We often hear about the importance of continuous education in today’s job market. This rings especially true for software developers. They learn something every day, as they create and troubleshoot software. However, the pace of innovation in software development is so high, a working professional can still find his or her skills outdated if one is not mindful.
When talking about up-to-date skills, we’re not talking about using the latest and trendiest frameworks, libraries, and other software development tools. It is perfectly fine if one’s core competencies only include mature and unexciting tools. Our skills are not outdated as long as we are effective and competitive. Are we able to execute an idea, and deliver it in a timely fashion? Using ECMAScript 5, jQuery, or Python 2 (dare I say) is perfectly fine, as long as we remain competitive (as an employee or company).
Simply put, there is no other way than doing the work of learning. The only question is where do we do this work, and how deeply do we study these new technologies.
In the best-case scenario, a software developer is able to grow his or her skills at the place of full-time employment. We often hear the message that companies prosper when they give their employees opportunities to learn; and there are certainly employers who offer such a work environment. However, there is a natural tension between finishing a current project and making employees more productive in future ones. Also, it will always be difficult to get permission to develop skills in an area that is distant from our current responsibilities — where the medium- and long-term benefits are less clear to the employer.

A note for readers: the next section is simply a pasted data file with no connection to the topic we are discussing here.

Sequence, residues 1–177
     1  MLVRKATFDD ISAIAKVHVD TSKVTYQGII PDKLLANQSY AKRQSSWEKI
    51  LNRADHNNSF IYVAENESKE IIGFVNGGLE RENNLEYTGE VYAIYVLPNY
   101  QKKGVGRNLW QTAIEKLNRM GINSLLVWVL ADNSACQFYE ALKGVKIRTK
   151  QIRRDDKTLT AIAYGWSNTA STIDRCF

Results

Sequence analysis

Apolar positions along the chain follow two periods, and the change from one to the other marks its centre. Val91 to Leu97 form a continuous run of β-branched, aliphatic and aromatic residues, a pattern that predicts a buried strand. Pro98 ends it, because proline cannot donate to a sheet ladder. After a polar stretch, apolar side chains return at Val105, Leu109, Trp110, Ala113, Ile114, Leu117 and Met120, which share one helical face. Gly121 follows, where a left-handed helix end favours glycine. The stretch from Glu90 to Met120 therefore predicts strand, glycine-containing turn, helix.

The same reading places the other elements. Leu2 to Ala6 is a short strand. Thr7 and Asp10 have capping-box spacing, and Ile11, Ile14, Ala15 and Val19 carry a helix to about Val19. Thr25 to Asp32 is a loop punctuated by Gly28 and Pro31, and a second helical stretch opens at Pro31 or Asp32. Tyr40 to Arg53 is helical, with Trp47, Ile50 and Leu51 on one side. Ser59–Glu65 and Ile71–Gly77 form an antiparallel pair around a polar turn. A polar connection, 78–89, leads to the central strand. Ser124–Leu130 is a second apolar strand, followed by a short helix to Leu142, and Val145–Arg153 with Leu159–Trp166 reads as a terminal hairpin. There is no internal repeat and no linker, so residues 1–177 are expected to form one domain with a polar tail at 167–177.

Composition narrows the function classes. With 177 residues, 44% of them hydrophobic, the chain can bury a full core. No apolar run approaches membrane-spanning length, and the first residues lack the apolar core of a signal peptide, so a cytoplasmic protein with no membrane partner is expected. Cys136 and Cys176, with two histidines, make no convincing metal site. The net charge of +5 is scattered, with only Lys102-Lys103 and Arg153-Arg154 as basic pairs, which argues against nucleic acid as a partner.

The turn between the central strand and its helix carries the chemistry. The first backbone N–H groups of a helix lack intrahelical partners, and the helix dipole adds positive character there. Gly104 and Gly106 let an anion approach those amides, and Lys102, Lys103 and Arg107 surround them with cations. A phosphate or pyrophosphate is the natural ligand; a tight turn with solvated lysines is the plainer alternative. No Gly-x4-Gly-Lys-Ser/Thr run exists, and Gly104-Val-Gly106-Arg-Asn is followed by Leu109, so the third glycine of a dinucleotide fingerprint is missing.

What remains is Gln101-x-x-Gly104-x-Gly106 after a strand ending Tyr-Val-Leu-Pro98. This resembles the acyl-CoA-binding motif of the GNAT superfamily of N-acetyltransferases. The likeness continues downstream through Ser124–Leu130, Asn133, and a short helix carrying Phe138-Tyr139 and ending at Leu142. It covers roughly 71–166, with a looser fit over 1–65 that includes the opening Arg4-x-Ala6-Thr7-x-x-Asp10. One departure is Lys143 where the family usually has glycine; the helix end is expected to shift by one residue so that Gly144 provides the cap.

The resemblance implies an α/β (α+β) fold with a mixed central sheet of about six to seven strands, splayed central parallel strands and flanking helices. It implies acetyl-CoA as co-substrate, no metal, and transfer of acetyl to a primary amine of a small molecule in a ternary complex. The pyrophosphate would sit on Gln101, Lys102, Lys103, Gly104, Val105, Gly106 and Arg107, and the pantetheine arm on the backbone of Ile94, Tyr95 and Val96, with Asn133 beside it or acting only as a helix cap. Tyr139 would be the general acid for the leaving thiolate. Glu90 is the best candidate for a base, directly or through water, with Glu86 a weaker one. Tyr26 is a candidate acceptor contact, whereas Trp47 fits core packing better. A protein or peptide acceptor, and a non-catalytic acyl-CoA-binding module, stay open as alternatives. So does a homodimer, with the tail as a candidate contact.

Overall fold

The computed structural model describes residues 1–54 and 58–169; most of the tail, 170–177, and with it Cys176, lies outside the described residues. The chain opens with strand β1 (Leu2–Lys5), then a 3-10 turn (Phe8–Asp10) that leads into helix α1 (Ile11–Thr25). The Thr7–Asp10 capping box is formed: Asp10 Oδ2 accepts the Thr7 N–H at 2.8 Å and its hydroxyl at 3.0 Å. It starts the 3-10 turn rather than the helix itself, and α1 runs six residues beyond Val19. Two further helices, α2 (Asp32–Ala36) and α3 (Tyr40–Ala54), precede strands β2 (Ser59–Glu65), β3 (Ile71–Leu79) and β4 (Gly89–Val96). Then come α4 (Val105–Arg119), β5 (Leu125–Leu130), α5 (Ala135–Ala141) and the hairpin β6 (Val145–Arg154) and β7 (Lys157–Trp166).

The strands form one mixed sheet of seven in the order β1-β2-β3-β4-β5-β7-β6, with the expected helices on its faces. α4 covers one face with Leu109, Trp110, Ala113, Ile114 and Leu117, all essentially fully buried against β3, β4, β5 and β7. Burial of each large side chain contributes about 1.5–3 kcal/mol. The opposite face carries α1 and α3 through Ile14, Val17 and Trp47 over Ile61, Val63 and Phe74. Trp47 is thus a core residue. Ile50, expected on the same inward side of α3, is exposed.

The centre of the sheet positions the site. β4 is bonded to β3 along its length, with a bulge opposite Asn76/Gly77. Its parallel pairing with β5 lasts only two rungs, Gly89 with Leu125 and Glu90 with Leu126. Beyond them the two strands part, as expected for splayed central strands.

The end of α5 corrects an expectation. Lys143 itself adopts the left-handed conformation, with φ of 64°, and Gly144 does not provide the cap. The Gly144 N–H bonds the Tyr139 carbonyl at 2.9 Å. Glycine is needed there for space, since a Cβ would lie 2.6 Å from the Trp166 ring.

In general, a software developer cannot avoid sacrificing his or her personal time in order to pick up new skills. Fortunately, programming is fun (or should be) for all programmers, so finding the required discipline doesn’t have to be hard.
There are a few things to keep in mind when deciding on those side projects:
Use these projects to discern what effect these new tools would have on your daily work. You might become advanced with technology if you use it often enough in your side projects. To become proficient, though, you typically do need to use it in daily work. The good news is that with the experience of the side projects on your side, you will find it much easier to get buy-in from your employer or team.
Then it’s time to evaluate the long-term benefits of you working there. As soon as we stop learning, we stop growing, and the clock starts to work against us. Sometimes, a difficult decision has to be made.
On the other hand, developers need to appreciate employers who are open to new technologies. The opportunity to learn should be included in our evaluation of the compensation package that an employer offers us.
If you do get to the point where your skills are outdated and you leave the company (whether voluntarily or not), the good news is that you should be able to catch up quickly, as long as you have strong fundamentals in programming and a desire to learn. Without ties to the technology choices made by you or your employer years ago, you will re-emerge with the latest skills, and still have years of hard-won lessons to leverage.
Not surprisingly, as long as you keep learning, you win.